Another Precinct Heard From – Gavin and Yvonne’s Archive –

Our continuing wish is to make Wicca a true and valid representation of ancient wisdom restored to modern life. To that end, we are encouraged by reports that people who enjoy a good sex life are less prone to debilitating diseases. The science behind such reports flows directly from Professor Candace Pert’s work on cellular receptors and endorphines, published as “Molecules of Emotion”. When receptors of cells in the human body are occupied by ligands, as happens through pleasant sexual activity, disease pathogens can not enter those receptors: The receptors are already full.
In Marie Jakober’s wonderful book “The Black Chalice” we found the passage below, and thought we’d like to share it with you. Jakober masterfully contrasts claims and truth. As well as this thought, the book offers many others as well on the dominator-religion paradigm, and is well worth finding.

The Christians were quite right about it, and so were those pitilessly reasonable Greeks: the body was dangerous. The body interfered with the orderly obsessions of philosophers; it broke the icy mind-nets of priests; it rebelled against the endless war-mongering of kings. It reminded people that the world was here, and life was now, and if they had no rights over their own flesh, then they had no rights at all.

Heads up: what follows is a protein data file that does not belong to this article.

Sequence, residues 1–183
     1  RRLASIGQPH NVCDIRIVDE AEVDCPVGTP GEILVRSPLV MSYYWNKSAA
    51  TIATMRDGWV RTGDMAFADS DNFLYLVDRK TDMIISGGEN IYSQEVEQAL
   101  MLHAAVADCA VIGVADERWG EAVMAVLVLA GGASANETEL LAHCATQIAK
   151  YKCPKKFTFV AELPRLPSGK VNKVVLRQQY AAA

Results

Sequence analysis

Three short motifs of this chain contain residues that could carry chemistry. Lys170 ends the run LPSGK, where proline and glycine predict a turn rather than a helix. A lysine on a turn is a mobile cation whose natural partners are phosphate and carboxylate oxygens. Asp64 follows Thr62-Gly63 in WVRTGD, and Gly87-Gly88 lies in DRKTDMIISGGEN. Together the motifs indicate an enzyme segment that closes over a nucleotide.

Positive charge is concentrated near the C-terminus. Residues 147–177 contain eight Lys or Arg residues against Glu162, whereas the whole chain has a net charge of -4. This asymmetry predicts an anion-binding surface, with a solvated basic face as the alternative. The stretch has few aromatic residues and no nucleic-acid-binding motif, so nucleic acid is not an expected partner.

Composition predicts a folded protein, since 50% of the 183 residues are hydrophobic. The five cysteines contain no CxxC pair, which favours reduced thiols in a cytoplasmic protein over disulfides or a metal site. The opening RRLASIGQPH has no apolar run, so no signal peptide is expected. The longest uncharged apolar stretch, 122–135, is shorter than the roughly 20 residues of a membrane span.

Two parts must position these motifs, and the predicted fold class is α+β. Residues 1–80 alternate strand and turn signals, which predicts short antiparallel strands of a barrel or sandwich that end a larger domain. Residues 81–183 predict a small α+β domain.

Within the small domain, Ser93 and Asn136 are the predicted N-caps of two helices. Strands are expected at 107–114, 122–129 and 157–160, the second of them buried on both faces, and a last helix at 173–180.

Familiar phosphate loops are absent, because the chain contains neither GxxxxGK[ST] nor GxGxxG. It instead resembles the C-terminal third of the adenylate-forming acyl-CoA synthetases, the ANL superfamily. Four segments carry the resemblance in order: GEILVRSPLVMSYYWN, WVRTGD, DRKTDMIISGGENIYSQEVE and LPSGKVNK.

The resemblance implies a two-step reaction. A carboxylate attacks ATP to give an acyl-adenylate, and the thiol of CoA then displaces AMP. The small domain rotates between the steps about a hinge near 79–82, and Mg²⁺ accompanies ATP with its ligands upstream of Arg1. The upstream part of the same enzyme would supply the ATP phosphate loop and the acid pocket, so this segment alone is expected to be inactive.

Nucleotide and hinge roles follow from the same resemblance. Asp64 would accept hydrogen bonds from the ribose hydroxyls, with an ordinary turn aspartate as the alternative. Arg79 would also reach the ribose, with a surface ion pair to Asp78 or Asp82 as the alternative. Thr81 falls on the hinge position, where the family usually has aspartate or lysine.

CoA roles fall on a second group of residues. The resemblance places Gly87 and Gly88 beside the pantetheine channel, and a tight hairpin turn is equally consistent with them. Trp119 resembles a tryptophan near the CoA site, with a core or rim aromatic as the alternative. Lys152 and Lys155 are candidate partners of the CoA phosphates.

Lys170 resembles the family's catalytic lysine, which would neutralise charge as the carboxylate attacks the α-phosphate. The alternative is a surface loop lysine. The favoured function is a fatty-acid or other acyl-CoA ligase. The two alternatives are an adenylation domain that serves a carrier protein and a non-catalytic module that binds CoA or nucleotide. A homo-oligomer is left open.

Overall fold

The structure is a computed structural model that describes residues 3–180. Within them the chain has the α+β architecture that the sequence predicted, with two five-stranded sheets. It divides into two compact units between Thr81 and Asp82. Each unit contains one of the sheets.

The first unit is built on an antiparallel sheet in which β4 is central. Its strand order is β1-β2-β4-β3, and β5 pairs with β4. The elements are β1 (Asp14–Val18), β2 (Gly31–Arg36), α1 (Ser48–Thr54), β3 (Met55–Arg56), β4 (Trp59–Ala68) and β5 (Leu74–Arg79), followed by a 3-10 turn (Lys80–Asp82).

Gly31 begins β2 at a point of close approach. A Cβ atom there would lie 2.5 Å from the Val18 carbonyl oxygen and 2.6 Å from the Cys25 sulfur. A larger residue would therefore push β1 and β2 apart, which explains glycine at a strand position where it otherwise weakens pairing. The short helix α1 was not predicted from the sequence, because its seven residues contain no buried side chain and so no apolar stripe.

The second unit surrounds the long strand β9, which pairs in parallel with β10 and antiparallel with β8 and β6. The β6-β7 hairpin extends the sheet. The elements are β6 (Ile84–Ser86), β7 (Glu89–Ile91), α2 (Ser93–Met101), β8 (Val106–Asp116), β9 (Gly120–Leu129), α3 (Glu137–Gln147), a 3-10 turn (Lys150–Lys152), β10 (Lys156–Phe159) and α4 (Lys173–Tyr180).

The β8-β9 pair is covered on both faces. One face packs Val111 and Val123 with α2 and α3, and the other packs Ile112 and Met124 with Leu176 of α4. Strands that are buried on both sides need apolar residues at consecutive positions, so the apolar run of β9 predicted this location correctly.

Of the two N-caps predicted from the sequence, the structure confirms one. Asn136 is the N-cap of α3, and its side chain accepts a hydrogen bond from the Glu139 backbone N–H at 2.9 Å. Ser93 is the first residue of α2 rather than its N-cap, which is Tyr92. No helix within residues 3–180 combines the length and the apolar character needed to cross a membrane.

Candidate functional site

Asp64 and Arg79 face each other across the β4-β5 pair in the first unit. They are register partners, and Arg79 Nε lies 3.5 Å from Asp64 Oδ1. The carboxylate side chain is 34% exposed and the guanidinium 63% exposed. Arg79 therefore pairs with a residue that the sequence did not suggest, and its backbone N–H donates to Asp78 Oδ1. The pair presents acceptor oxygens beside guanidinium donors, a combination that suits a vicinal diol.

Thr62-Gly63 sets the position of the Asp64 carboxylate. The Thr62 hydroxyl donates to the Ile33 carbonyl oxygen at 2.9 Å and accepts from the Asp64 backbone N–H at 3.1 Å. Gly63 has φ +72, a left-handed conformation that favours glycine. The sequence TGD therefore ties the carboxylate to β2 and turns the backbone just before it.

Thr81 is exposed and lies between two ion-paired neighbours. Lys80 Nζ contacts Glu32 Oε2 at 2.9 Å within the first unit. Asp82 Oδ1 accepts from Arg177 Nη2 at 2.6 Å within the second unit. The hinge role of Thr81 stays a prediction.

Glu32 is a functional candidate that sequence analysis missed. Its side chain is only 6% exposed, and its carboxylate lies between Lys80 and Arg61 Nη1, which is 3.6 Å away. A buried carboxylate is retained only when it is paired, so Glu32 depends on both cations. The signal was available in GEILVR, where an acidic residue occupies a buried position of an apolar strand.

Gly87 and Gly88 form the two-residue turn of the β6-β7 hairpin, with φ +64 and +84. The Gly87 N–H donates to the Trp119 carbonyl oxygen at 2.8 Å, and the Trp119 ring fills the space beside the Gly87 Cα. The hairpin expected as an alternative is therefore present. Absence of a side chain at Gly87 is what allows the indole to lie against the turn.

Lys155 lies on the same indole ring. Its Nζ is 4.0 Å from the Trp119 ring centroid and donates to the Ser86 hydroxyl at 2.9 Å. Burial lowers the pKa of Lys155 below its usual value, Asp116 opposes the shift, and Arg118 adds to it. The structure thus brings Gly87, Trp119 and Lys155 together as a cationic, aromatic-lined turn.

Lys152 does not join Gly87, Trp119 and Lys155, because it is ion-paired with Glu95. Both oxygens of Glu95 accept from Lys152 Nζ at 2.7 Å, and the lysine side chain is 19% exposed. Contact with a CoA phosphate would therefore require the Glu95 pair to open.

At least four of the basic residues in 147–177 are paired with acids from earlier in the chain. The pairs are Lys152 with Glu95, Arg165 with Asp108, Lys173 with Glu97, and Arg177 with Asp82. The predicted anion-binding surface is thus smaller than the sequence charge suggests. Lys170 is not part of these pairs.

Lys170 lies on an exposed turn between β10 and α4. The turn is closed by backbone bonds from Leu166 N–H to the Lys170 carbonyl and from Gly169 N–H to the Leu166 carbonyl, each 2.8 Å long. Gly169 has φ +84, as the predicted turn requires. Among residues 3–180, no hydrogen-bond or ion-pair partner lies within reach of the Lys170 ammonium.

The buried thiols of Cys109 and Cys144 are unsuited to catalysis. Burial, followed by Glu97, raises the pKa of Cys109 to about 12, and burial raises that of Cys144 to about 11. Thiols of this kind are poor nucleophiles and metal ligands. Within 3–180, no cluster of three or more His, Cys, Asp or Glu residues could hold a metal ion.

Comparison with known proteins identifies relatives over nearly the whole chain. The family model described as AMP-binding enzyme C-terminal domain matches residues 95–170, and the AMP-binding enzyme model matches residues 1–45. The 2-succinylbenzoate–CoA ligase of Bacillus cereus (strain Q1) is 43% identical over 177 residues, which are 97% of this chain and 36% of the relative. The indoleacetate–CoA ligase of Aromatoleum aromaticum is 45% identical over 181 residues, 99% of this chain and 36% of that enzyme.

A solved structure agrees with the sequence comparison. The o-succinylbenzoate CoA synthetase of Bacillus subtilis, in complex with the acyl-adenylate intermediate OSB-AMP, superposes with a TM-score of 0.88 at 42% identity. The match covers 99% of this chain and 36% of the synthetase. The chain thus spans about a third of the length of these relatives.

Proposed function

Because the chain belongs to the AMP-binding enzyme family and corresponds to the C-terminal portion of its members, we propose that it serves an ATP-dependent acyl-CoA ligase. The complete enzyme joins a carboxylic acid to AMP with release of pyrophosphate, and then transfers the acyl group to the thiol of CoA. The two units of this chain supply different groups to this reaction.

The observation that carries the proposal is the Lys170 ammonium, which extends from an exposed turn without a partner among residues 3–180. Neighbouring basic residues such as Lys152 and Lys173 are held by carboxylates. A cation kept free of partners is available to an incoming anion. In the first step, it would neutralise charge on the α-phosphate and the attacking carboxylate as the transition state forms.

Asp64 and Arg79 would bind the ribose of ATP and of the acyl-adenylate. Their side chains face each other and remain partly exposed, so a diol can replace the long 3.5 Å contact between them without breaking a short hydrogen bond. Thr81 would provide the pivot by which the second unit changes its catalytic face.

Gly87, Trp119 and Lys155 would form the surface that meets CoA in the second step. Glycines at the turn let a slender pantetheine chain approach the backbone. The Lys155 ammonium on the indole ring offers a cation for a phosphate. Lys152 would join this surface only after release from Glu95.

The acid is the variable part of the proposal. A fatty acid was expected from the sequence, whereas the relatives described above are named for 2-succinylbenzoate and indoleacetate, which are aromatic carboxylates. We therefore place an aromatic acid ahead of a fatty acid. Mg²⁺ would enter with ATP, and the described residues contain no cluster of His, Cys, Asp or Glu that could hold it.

Worst of all, perhaps, the body remembered that once, not very long ago, sex had been a holy and magical thing. It was not sinful but sacred; it was the power of the gods in the world. Its fire was their hunger to connect and to create; its lawlessness their endless trying out and making new. And its wild and driven ecstasies were the measure of its sacredness; something so exquisite and so forceful could come only from the gods.
That was why the Christians hated it so much. How could lust be the work of their own Lord–their Lord who was not of this world? It was of the old gods, just like the people believed; and it was demonic, just like the gods were.
So it was forbidden, in every way it could be, and what the churchmen could not forbid they wrapped in shame. They said it was the most dangerous of sins, more to be feared than cruelty or violence or war. They said in Eden it never existed. They said God intended men to breed as they laced up their tunics, matter-of-factly, without a throb of passion or a thought of carnal lust. Only a fallen human being, rotten with sin, could possibly desire that.
They were terrified of sex, and they had reason to be–they knew its power.


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